- For a different piece of piano music often called "Chopsticks" in the UK, see Der Flohwalzer (the "Flea Waltz").
"Chopsticks" (original name "The Celebrated Chop Waltz") is a simple, widely known waltz for the piano. It was written in 1877 by the British composer Euphemia Allen under the pseudonym Arthur de Lulli. She never published any other musical composition. Allen, whose brother was a music publisher, was supposedly only sixteen when she composed the piece, with arrangements for solo and duet. The title Chop Waltz comes from Allen's specification that the melody be played in two-part harmony with both hands held in a vertical orientation, little fingers down and palms facing each other, striking the keys with a chopping motion.
A group of Russian composers—Alexander Borodin, César Cui, Nikolai Rimsky-Korsakov and Anatoly Lyadov—collaboratively composed three-hand piano variations on this theme for Borodin's daughter Gania. (Modest Mussorgsky did not participate, thinking that the composition would be meaningless.) The original edition of this collection dates from 1879. The second edition was published the following year (1880), under the title Paraphrases: 24 Variations et 15 petits pièces sur le thème favori et obligé. Franz Liszt was thrilled with this volume and composed a short tribute for piano solo to be inserted before Borodin's Polka. Later editions of the work saw it grow from 15 to 17 other pieces, including a contribution from Nikolai Shcherbachov when it was reissued in 1893.
In cinema, music and television
The first three Pooch the Pup cartoons used "Chopsticks" as their opening music.
In the 1946 William Wyler film The Best Years of Our Lives, a story chronicling the difficulties facing returning servicemen from overseas, the famous song composer Hoagy Carmichael performs a duet of "Chopsticks" with Harold Russell, a World War II Navy veteran who lost both of his hands in combat. He played the simple piece (including variations) with Hoagy taking the lower part. Mr. Russell's hooks that served as hands seemingly did not deter him from delivering a rendering of the tune, complete with a final glissando up the keyboard.
In the 1952 Stanley Kramer film production The 5,000 Fingers of Dr. T, co-written by Dr. Seuss, the boys play Chopsticks toward the end of the dream sequence, after Dr. Terwilliker is dragged away and before the atomic "music fix" blows up.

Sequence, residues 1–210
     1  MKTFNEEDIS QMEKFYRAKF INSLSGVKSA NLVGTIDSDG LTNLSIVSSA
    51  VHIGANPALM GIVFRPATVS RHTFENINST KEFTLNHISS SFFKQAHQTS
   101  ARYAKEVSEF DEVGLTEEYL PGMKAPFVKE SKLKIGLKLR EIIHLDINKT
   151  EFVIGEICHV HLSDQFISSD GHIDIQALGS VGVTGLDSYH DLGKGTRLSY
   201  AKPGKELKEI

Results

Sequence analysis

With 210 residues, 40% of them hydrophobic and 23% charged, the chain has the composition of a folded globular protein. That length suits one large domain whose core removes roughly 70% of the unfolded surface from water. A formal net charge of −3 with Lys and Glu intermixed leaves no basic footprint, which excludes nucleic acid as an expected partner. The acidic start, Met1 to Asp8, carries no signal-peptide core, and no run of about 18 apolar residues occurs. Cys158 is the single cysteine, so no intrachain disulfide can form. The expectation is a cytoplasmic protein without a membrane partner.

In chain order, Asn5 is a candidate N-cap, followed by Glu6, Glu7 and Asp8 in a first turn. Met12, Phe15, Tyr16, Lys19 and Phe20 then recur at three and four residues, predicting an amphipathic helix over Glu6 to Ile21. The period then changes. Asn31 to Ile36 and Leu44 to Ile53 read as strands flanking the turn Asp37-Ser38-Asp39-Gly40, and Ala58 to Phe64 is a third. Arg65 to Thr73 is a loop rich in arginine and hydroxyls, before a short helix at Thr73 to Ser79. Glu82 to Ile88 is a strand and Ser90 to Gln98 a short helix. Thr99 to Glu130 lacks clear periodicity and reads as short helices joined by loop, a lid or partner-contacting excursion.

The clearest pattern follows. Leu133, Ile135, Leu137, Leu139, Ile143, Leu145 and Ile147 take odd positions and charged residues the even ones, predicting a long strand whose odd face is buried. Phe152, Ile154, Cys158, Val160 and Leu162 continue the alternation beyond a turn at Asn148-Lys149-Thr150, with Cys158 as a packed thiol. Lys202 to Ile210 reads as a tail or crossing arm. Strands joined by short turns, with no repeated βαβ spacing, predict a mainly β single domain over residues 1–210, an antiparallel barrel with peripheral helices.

Liberace plays a virtuoso "Chopsticks" accompanied by full orchestra early in the film Sincerely Yours (1955).
The opening notes of "Chopsticks" are often utilized in film and TV productions to illustrate a character's relative lack of ability in playing the piano (example: "The Beauty Queen" episode of My Living Doll).
In the 1972 Columbo episode "Etude in Black", Columbo plays chopsticks as a way to get under the skin of the pompous murderer/conductor Alex Benedict (John Cassavetes).
The Celebrated Chop Waltz is sometimes confused with "Der Flohwalzer" (the Flea Waltz), which in the UK is also known by the name Chopsticks.
An equivalent of this rudimentary two-finger piano exercise was known in Russia in duple meter as "tati-tati" or the "Cutlet Polka". This version alternates the notes between the hands, rather than playing them at the same time in harmony.
- Heart and Soul (1938 song)
- Margo Guryan, The Chopsticks Variations (2009 album)
- "Blinded by the Light"; the Manfred Mann's Earth Band version of this song contains Chopsticks
- "Sunday Morning", a hit by The Bolshoi, used a misplayed Chopsticks on its coda.
- "The Celebrated Chop Waltz". IMSLP. Retrieved 2010-05-15.
- Downing, Patrick (24 February 2011). "The Origin of "Chopsticks"". www.westmusic.com. Retrieved 2016-07-04.
- "Chopsticks with Variations (Thompson, John Sylvanus) - IMSLP/Petrucci Music Library: Free Public Domain Sheet Music". imslp.org. Retrieved 2016-07-04.
- The 5,000 Fingers Of Dr. T, YouTube
- fraames (2011-10-09), big - film scene, retrieved 2017-03-25